THE RELIABILITY OF SPLIT RING RESONATOR BASED METAMATERIALS IN PLASMA ENVIRONMENT

Open Access
Author:
Zhao, Jing
Graduate Program:
Materials Science and Engineering
Degree:
Master of Science
Document Type:
Master Thesis
Date of Defense:
July 08, 2016
Committee Members:
  • Clive A Randall, Thesis Advisor
  • Michael T Lanagan, Committee Member
  • Dinesh K Agrawal, Committee Member
Keywords:
  • metamaterials
  • split ring resonator
  • CST simulation
  • plasma
  • negative permittivity
Abstract:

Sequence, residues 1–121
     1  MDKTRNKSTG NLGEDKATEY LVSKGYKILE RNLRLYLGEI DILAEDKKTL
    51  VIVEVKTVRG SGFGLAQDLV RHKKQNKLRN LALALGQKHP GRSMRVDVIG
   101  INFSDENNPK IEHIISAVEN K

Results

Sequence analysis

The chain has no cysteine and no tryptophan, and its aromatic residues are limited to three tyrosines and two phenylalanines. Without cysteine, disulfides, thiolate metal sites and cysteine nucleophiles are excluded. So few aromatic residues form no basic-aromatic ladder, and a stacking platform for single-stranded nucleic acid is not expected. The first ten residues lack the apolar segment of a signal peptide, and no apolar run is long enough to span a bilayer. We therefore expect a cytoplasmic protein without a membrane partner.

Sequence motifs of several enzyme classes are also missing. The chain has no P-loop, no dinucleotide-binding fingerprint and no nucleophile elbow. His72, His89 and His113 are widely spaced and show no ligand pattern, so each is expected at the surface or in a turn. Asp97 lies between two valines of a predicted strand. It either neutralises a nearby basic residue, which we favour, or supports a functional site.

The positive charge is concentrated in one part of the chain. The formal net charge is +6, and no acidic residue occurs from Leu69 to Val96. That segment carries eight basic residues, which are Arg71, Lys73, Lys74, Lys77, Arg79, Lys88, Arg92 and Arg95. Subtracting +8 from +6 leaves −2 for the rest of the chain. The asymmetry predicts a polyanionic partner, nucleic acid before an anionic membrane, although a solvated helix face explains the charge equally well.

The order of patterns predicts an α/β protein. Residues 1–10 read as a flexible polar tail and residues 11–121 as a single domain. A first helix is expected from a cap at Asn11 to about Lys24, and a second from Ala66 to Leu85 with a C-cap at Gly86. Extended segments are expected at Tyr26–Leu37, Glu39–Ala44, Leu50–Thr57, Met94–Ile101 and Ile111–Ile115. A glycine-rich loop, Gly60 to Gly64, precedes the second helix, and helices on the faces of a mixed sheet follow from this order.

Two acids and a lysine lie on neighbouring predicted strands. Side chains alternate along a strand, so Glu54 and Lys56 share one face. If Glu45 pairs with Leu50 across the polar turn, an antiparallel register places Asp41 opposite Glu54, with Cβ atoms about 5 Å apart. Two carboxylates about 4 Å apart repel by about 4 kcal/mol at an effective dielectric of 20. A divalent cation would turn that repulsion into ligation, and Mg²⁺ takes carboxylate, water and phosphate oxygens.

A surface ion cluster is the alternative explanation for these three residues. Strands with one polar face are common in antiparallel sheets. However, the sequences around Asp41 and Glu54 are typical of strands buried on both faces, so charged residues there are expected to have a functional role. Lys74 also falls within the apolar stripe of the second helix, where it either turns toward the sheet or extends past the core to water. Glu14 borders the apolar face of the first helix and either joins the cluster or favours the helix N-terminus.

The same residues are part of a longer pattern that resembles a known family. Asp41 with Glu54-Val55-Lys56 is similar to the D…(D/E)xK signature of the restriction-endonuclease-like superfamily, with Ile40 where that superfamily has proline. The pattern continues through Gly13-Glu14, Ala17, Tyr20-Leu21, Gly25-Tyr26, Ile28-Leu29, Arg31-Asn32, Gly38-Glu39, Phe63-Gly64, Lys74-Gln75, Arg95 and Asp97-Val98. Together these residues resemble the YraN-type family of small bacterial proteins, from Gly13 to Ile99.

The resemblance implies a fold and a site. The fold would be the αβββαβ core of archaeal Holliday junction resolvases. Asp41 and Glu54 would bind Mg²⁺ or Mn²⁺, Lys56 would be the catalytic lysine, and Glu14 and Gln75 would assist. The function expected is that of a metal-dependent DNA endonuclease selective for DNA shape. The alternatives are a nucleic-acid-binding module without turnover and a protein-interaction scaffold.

Metamaterials are the artificial materials with a focus on structure more than composition, and they have customized properties that are not found in nature, such as negative refractive index. Negative refractive index is achieved through negative values of the permittivity and permeability in a certain range of frequency. Currently, the metamaterials work well in the range of microwave. In this range, the negative permeability can be readily achieved by using a structure of split-ring resonator (SRR). At the same time, plasma at the gap of SRR is a novel method to provide the negative permittivity. It is straightforward to fabricate SRRs in the laboratory by conventional processes. In this work, silver ring patterns were painted onto the alumina followed by firing at 850°C in a belt furnace. The geometry of the SRR was designed by the analytical equations and corroborated by the simulation software from CST Corporation. Plasmas in the ring gap were created by exposing the SRR to high power (300W) at the frequency of 2.45GHz in air atmosphere. However, the plasma only lasted for five minutes with serious silver erosion at the gap. Therefore, a protective dielectric layer is proposed in this thesis for SRR working in a harsh plasma environment. The development path begins with evaluating the reliability of the dielectric substrate in a plasma environment. Several oxide substrates were investigated including alumina, silica and a commercial low temperature co-fired ceramic (LTCC). The effect of plasma treatment on surface morphology and chemistry was characterized by optical profilometry, energy dispersive X-ray spectroscopy (EDS), and scanning electron microscopy (SEM). A network analyzer with a split-cavity resonator was used to monitor the microware dielectric properties before and after plasma treatment. It has found that small amounts of carbon residues will reduce the Q-factor. Commercial 96%Al2O3 is proven to be a suitable substrate for the SRR. Since most serious erosion occurs at the gap of the silver section in SRR, a protective dielectric layer was investigated to prevent degradation of the resonator performance. Several approaches were tried to protect the silver ring resonator including thin coatings made through thick film deposition. All of the SRR structures were tested in a high power microwave chamber which had a 1kW power supply at 2.45GHz. All of the tests were carried out in air and it was found that a plasma could not be ignited for thick dielectric protective coatings. To support the experimental result, simulations by CST software were carried out and the results show that the electric field intensity is substantially lower for thick dielectric coatings. These results suggest that substantially higher microwave power are needed to generate sufficient electric fields to ignite and sustain a plasma as the dielectric layer thickness increases. Comparisons between the uniform dielectric coating and a protective layer with a gap show that the partially protected SRR should work much better. Experimental results show that the SRR sample with partial protection works in a microwave environment for at least 5 hours with no evidence of failure.